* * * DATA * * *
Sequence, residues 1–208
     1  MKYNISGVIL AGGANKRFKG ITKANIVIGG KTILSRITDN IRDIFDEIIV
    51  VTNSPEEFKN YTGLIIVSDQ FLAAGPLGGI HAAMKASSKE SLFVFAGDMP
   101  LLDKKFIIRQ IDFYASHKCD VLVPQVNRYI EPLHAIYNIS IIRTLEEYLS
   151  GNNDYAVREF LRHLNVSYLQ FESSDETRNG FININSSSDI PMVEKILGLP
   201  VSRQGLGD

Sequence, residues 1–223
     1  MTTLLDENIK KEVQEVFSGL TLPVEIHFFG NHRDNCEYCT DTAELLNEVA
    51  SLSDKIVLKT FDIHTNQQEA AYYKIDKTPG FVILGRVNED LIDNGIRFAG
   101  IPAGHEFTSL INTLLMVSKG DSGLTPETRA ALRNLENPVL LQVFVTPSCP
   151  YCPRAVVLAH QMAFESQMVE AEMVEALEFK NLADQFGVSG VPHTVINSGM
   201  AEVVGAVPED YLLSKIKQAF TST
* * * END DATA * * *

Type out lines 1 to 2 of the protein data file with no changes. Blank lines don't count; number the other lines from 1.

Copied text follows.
Sequence, residues 1–208
     1  MKYNISGVIL AGGANKRFKG ITKANIVIGG KTILSRITDN IRDIFDEIIV